Smith then sent an inside edge on to his own stumps to go for 38, and put England another step closer.
In the morning session, Trott maximised the misery for Australia's bowlers - who nonetheless managed to take England's last five wickets for only 54 runs, Peter Siddle finishing with six for 75.
First, he broke Trott's sixth-wicket stand with Prior - who chipped a catch to mid-on 15 runs short of an Ashes century.
Trott and Prior had put on 173, though - and then after Siddle had Bresnan edging a routine catch behind, pushing forward, Swann joined in to push England past 500 for the first time in 36 years at this venue.
Mitchell Johnson took the most punishment, conceding 134 runs in 29 overs as England gained revenge for his match-winning exploits in Perth.
Ryan Harris limped out of the attack, after injuring his ankle - and it subsequently emerged the fast bowler would need surgery on a stress fracture and may not be able to bat.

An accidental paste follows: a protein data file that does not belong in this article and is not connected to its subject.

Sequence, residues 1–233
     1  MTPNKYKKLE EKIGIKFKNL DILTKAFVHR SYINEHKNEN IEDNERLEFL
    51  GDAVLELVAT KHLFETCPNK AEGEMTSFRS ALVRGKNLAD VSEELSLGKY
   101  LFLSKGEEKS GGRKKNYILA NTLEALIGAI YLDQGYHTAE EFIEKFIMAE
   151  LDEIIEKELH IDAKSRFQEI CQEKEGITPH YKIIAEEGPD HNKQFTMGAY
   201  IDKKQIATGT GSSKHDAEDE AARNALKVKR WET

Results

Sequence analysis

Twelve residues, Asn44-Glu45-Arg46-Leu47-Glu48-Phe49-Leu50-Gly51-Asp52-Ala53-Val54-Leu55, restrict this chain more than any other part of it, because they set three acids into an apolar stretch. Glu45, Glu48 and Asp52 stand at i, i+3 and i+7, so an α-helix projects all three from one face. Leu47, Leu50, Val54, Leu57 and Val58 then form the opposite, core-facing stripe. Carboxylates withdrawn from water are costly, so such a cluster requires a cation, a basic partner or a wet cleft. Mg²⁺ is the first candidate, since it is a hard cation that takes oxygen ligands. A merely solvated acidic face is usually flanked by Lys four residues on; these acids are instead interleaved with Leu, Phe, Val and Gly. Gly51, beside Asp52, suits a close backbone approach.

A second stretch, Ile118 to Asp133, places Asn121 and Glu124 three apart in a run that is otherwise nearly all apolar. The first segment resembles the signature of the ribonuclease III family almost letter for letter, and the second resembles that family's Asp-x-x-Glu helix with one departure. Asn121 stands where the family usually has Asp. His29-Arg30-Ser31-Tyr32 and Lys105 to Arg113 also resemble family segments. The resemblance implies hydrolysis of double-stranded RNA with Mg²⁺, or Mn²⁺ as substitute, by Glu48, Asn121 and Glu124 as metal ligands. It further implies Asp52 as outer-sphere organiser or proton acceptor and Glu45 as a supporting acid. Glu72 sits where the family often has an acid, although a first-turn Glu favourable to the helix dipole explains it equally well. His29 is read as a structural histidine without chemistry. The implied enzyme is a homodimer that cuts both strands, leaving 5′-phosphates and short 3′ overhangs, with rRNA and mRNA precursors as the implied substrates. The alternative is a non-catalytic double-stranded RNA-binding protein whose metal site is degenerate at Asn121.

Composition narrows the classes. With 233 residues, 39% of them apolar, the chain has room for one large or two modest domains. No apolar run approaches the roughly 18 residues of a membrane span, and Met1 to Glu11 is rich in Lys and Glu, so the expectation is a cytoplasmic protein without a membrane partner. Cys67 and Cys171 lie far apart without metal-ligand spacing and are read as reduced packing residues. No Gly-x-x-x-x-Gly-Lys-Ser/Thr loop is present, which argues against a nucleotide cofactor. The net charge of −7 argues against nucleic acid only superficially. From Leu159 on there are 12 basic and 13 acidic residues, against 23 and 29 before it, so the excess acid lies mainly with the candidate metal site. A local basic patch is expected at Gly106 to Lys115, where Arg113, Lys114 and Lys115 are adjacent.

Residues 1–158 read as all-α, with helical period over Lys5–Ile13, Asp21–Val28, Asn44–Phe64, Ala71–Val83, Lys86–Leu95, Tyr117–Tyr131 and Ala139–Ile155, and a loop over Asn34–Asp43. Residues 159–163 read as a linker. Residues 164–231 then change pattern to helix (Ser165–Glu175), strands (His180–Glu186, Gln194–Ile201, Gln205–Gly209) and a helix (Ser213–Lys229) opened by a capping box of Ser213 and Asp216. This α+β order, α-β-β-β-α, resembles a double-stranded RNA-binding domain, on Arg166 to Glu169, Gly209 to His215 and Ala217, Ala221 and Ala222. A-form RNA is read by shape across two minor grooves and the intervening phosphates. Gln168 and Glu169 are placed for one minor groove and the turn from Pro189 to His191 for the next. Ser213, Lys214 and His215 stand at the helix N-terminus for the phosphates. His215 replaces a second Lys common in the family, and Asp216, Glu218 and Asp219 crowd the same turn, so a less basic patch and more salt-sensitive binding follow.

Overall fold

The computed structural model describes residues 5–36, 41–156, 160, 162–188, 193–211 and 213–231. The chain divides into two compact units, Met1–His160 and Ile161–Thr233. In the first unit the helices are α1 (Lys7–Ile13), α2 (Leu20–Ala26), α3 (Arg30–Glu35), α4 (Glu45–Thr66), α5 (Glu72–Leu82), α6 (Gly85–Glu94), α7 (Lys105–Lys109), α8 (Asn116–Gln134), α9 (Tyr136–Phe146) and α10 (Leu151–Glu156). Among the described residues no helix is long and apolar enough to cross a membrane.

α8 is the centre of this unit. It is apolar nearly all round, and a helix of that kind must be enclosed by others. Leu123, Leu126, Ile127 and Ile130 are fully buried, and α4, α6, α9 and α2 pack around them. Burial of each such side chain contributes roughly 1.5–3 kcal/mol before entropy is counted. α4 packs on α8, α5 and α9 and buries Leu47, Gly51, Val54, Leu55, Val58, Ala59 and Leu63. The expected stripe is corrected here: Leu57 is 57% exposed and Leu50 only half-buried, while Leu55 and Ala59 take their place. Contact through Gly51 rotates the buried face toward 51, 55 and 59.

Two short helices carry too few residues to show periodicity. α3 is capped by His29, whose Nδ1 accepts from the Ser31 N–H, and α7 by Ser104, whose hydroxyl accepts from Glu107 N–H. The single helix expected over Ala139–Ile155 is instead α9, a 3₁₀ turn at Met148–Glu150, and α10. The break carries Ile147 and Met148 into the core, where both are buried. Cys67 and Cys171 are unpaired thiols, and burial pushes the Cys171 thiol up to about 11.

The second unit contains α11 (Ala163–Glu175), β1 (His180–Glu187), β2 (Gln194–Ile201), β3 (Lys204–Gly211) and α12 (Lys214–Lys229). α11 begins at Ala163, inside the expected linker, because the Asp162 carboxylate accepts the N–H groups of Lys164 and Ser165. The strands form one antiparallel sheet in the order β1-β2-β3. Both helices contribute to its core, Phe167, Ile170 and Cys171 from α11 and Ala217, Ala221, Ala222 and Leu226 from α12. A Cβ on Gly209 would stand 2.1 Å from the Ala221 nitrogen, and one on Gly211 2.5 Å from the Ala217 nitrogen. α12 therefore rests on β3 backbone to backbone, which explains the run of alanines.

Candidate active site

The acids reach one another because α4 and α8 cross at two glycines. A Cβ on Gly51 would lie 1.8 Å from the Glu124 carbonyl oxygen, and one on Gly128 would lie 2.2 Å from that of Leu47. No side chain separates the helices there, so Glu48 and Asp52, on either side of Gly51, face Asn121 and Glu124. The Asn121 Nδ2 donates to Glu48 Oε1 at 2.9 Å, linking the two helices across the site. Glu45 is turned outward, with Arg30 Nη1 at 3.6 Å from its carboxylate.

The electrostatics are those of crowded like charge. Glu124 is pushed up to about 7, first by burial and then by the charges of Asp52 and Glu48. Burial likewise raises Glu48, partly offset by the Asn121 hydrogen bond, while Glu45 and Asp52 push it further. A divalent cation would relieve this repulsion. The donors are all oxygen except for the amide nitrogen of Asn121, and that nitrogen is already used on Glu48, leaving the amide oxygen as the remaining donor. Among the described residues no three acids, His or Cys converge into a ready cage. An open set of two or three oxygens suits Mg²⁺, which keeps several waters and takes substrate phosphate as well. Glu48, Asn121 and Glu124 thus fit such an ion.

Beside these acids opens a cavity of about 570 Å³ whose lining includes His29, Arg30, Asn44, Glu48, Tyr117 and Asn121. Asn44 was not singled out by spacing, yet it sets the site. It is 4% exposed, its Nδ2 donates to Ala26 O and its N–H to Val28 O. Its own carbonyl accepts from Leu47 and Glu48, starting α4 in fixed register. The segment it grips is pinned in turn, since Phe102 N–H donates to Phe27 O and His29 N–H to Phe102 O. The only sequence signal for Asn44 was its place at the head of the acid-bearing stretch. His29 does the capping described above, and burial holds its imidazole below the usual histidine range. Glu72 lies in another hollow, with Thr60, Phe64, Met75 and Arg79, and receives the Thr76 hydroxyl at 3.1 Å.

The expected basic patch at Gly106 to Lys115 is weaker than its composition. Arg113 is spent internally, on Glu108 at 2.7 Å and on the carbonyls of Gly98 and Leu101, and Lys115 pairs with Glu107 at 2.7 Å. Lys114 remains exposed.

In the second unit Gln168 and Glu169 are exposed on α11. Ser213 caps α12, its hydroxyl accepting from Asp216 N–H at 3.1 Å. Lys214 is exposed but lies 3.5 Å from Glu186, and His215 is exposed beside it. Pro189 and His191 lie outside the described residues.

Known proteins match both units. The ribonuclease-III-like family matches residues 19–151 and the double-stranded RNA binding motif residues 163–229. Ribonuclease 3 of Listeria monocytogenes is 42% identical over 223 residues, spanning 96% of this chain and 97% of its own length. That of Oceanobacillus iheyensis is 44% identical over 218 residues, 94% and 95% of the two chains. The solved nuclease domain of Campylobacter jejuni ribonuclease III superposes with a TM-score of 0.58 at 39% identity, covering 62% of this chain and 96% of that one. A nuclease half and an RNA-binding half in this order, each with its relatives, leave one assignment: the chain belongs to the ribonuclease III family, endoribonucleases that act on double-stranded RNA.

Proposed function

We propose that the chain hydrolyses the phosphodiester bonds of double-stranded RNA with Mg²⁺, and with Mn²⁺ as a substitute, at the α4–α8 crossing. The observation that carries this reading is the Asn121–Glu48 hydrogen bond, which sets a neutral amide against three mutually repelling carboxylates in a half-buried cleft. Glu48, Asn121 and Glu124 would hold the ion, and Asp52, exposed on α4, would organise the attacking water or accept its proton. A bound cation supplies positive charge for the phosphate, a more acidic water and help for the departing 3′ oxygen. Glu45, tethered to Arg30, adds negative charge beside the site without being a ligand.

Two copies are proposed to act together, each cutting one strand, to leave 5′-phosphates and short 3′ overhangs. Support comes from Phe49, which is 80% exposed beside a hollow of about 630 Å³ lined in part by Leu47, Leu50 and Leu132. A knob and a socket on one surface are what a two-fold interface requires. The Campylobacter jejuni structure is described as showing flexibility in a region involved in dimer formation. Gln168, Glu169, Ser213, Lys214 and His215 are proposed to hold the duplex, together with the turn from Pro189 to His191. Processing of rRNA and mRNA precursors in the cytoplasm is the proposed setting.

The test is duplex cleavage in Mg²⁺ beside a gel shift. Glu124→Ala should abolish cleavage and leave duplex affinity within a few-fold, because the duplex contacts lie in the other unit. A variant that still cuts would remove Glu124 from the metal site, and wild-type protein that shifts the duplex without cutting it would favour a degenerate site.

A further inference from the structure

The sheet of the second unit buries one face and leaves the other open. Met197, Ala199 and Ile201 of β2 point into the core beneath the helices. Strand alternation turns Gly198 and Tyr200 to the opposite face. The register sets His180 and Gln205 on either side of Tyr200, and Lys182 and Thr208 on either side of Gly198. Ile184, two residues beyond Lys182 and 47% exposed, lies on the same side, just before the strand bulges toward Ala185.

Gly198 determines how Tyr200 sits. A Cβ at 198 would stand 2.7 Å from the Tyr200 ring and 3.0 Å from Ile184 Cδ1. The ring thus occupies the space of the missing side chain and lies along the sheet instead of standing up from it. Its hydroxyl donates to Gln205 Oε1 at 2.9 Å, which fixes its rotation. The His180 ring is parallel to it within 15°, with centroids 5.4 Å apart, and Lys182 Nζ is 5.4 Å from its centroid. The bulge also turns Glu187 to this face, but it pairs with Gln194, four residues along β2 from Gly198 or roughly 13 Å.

But Ben Hilfenhaus finally had an overdue wicket when Brad Haddin took a fine catch above his head after Swann edged an attempted hook behind, and he doubled up for good measure by clean-bowling Chris Tremlett.
By the time Anderson missed a Siddle half-volley to be last out, only Indians Sachin Tendulkar and Virender Sehwag stood above Trott in the Test run-scoring charts for this calendar year.
As ever, there was little remarkable about his accumulation.
For England, though, Trott's unbeaten 345-ball and near eight-hour stay was a precious contribution in search of the urn.
* Shane Watson admitted at stumps that there was little hope left for Australia.
Asked if the Ashes have gone again, he said: "Just about.